Implementation Plan Paper

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Running head: IMPLEMENTATION PLAN PAPER

Implementation Plan Paper
Richard Smith
University of Arizona
Measuring Performance Standards
HCS 345
Lawrence Jones
September 14, 2009

Implementation Plan Paper
Change is an inevitable part of business and organizations should prepare to meet the challenge of adapting the quality of their product to match the needs of their customers. This goal can be met by establishing a vision for this change and by defining the exact outcomes the organization hopes to achieve for the final product. Depending on the scope of the change, the implementation process can vary widely in time, required resources, and complexity but the basic steps involved to achieve the vision are the same. The steps include identifying and defining the problem, analyzing data, creating a plan, measuring the outcomes, and reevaluating the final product (Dlugacz, Greenwood, & Restifo, 2004). An actual process improvement and implementation plan for CIGNA Onsite Health or COH will provide an example to illustrate how this process works in the real world. Core Performance Measure

The vision for this implementation plan is to improve the management of diabetic patients who use the onsite health clinics. This core performance measure is an important part of the COH mission, which includes maintaining health and lowering the cost of health care. Diabetic patients who manage their health can avoid many of the more serious and costly problems associated with the disease. Figure one analyzes this core performance using a Hoshin Tree diagram.

Figure One.

Data Indicators
Improving the management of diabetes requires that COH understand and evaluate the current process in order to produce the desired change. How does COH know if they are managing their diabetic population better than before or even if they are managing their health well at all? An important part of this process is to define the data that provides a reasonable assumption that the program is successful. These data points are often called performance indicators. In most cases, measuring performance requires several performance indicators to define the level of quality and this is true for measuring diabetic management. Biometric Results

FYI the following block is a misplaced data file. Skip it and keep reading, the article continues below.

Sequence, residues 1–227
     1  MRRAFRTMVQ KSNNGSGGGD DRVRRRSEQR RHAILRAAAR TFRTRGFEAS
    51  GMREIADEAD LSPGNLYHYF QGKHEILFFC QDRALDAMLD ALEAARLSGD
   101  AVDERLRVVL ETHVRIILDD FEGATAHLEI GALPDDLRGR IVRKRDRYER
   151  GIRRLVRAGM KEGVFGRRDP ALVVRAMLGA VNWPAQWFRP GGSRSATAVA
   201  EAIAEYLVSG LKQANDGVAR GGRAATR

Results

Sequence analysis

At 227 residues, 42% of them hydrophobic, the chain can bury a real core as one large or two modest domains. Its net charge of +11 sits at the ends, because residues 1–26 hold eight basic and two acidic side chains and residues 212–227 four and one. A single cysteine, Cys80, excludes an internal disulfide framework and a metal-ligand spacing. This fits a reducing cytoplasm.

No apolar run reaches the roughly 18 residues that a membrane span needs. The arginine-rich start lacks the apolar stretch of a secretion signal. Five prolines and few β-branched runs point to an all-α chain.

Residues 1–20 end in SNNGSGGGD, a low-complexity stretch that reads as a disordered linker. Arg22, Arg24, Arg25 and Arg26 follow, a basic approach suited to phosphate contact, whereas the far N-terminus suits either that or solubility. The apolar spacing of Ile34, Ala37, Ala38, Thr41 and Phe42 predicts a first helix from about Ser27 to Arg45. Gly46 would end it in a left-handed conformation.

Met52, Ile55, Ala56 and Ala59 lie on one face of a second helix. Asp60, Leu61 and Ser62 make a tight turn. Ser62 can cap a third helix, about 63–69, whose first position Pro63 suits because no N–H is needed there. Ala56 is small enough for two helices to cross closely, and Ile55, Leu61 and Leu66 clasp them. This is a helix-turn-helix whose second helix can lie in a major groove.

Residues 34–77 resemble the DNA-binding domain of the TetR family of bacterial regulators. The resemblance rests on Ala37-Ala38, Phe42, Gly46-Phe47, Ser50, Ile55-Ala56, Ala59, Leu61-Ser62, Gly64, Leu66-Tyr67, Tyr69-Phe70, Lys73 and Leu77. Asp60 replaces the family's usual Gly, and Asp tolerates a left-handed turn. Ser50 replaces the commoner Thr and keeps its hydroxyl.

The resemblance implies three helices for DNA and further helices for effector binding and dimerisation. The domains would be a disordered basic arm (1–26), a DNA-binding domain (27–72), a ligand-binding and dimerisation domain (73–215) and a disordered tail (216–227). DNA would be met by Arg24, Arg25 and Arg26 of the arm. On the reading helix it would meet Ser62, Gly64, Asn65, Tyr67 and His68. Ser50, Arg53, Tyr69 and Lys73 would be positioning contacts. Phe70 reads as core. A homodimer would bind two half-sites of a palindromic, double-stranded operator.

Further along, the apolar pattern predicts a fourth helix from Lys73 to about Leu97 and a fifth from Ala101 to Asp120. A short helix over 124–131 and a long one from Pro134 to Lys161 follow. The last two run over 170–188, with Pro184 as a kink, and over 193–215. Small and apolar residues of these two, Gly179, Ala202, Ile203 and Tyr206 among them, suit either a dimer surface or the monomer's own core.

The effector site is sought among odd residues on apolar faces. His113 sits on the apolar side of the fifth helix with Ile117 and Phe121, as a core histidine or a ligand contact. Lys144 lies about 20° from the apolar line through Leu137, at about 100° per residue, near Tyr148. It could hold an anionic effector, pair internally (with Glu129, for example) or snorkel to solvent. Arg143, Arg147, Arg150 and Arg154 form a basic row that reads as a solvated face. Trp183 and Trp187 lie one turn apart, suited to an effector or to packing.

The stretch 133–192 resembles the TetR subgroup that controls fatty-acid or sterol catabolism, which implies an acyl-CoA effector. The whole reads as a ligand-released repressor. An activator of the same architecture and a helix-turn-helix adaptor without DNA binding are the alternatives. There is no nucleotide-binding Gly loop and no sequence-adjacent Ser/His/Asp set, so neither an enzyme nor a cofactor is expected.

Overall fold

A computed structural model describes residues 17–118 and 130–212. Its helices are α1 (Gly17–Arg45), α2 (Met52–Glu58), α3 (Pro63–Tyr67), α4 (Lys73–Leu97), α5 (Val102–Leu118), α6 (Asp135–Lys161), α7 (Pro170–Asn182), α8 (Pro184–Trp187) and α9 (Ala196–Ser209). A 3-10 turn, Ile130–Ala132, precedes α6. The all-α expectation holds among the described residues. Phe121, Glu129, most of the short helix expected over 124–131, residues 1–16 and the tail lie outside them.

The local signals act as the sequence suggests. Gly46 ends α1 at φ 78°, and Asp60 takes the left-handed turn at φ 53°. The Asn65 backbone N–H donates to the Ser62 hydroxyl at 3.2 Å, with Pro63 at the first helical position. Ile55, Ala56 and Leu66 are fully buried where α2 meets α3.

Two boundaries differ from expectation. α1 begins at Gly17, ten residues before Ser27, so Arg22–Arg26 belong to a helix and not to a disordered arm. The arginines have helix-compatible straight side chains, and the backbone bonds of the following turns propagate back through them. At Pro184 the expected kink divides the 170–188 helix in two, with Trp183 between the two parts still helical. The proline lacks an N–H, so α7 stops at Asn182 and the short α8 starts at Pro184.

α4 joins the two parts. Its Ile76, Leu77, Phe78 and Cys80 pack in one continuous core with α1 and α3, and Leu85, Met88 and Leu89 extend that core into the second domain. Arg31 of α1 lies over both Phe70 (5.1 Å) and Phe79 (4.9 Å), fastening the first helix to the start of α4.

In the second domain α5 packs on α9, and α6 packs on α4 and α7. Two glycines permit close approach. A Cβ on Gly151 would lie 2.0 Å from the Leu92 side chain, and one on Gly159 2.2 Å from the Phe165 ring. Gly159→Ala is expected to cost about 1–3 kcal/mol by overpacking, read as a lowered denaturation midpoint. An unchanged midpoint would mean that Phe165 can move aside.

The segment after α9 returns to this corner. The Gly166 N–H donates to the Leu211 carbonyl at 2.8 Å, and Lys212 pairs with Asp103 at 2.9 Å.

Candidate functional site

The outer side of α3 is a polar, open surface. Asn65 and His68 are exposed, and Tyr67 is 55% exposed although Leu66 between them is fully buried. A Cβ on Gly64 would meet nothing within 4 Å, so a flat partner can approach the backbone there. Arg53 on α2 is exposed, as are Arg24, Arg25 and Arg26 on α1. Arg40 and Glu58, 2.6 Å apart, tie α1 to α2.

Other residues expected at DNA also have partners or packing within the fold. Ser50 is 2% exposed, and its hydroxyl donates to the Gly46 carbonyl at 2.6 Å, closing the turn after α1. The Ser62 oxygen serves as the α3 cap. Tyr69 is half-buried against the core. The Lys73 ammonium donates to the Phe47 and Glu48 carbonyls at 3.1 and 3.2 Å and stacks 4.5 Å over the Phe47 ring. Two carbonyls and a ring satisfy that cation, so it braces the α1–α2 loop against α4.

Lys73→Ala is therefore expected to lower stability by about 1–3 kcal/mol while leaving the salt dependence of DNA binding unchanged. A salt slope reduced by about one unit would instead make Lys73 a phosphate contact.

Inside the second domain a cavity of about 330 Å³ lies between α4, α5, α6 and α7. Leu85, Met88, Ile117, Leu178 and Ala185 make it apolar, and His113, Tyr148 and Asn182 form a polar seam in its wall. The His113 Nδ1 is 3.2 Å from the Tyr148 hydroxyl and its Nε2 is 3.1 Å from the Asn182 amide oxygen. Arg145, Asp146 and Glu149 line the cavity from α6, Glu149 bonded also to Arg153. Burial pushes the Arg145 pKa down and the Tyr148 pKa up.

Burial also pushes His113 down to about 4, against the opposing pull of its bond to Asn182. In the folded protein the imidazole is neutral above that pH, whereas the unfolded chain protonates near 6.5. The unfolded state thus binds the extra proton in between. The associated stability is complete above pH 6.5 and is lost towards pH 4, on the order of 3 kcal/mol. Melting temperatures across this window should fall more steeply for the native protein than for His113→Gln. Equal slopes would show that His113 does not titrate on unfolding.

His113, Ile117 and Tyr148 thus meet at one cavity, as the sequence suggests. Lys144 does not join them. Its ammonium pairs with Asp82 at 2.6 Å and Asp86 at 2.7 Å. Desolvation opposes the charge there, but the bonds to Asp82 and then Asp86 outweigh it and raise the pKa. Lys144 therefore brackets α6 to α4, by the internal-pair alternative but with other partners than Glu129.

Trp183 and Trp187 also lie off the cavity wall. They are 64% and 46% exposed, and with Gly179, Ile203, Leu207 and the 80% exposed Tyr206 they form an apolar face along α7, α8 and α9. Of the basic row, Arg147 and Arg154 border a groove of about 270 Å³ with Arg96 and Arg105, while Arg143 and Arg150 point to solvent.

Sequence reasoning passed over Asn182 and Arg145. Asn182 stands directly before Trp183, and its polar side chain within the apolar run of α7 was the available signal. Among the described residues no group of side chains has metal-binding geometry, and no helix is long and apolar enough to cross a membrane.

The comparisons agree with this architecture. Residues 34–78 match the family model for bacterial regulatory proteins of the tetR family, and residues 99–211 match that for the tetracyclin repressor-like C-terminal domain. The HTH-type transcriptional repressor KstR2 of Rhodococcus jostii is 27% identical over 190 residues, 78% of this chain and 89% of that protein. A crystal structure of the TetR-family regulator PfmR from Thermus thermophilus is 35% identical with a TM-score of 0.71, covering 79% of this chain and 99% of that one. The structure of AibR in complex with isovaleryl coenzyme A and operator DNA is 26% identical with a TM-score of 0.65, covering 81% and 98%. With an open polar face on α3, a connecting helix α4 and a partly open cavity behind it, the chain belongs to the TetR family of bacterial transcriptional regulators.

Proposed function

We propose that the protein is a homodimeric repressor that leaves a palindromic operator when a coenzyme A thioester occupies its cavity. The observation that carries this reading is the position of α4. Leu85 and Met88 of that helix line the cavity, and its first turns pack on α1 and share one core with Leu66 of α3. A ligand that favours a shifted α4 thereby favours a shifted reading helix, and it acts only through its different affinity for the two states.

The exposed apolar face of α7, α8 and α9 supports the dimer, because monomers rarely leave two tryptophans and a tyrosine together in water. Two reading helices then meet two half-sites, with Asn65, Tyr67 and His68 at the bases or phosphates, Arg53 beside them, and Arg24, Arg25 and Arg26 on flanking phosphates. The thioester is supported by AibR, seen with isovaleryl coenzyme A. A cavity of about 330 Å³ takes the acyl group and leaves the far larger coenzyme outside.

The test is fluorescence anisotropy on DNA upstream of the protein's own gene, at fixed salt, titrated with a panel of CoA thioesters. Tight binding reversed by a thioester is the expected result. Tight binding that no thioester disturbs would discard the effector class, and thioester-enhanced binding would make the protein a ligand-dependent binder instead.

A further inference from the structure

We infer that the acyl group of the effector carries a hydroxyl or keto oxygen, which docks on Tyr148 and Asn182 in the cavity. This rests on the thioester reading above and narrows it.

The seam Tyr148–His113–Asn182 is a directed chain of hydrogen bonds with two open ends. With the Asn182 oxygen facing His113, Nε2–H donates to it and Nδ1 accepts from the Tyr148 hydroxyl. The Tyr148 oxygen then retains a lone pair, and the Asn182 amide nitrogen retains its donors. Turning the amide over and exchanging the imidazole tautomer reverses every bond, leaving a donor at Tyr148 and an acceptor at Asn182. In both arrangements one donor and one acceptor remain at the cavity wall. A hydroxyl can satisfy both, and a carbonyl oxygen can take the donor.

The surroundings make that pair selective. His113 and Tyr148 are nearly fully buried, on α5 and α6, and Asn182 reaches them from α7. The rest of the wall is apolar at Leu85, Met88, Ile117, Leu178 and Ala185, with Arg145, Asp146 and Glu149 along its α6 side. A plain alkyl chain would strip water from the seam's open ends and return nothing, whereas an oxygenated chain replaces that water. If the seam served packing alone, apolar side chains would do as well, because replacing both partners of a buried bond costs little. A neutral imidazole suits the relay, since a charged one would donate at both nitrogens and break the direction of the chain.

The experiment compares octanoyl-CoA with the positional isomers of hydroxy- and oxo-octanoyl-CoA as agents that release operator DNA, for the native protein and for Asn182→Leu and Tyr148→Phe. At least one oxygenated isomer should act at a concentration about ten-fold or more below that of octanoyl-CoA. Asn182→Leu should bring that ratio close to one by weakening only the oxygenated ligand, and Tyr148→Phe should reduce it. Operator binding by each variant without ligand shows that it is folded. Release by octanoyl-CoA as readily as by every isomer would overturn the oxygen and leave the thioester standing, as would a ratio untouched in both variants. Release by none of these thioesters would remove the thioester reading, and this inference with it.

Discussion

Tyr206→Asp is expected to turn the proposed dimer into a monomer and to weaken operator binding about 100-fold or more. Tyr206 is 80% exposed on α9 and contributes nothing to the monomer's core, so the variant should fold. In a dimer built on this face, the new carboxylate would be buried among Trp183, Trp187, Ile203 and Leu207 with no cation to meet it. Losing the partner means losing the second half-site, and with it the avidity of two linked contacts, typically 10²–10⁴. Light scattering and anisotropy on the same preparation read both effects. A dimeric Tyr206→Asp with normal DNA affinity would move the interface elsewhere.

One of the easiest measures to define quality for this plan is biometric results. Biometric testing is performed on diabetics to monitor and assess the status of the disease. Although some some debate exists over biometric values and there correlation to disease risk, they are generally recognized as a good indicator of health. Some examples of biometrics diabetic biometrics include glucose levels, HbA1C results, cholesterol and urine micro albumin testing. Numbers, like biometric values, are easy to measure, compare and trend over time. This makes biometrics an excellent performance indicator. Medication Compliance

Another performance indicator is medication compliance. Medications are prescribed because the provider believes that it will improve their patient’s health. For many diseases, the consequences of not taking recommended medications can be severe. This is true for diabetes and why it is important to ensure that they are compliant with their recommended medication regiment. Health Care Utilization

Diabetes is a chronic illness and is best maintained through regular preventive care from a health care professional familiar with their disease. While visits to a PCP or specialist are generally considered indicators of good health maintenance, visits to an ER or inpatient hospital are usually viewed as negative indicators of overall health. Using this methodology to determine a correlation between health maintenance and visit type would seem flawed due to the number of unknowns associated with the data. Utilizing the ER for a broken arm or a car accident probably have nothing to do with diabetes and therefore should not be viewed as a negative indicator of health....
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